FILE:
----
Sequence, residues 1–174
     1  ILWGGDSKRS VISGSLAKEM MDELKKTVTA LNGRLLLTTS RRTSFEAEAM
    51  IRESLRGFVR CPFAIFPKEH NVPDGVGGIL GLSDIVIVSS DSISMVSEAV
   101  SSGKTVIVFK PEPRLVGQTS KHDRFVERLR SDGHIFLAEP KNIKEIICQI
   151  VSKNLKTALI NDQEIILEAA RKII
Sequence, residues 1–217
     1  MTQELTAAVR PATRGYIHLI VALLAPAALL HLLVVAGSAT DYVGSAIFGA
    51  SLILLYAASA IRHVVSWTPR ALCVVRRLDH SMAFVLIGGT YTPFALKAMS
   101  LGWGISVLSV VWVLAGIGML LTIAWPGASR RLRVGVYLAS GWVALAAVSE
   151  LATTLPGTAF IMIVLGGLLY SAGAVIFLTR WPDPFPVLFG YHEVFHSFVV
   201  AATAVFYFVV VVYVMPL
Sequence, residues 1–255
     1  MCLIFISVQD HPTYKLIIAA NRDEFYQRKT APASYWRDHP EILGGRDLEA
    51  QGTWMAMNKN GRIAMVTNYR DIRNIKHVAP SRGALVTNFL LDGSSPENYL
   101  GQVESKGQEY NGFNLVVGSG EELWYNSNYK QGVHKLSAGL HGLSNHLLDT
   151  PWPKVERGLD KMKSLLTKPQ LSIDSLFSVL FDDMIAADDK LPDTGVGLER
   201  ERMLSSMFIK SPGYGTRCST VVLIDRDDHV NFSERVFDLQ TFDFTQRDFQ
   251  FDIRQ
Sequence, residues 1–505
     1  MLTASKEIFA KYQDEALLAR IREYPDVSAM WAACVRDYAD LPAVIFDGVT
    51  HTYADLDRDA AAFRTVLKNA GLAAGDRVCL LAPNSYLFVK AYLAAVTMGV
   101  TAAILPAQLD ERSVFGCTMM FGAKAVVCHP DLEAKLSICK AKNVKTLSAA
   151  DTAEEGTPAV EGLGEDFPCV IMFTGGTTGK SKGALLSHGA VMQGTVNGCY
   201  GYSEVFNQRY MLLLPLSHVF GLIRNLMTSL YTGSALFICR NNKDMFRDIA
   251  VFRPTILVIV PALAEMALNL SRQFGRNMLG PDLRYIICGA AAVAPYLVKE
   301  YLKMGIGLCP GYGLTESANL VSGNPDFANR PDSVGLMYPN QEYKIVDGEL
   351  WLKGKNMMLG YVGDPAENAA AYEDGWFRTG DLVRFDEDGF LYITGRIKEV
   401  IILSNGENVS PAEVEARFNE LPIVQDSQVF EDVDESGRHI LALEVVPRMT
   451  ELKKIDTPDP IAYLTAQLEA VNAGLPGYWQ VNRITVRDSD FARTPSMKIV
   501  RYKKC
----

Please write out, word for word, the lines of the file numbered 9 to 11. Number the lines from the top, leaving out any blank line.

   101  LGWGISVLSV VWVLAGIGML LTIAWPGASR RLRVGVYLAS GWVALAAVSE
   151  LATTLPGTAF IMIVLGGLLY SAGAVIFLTR WPDPFPVLFG YHEVFHSFVV
   201  AATAVFYFVV VVYVMPL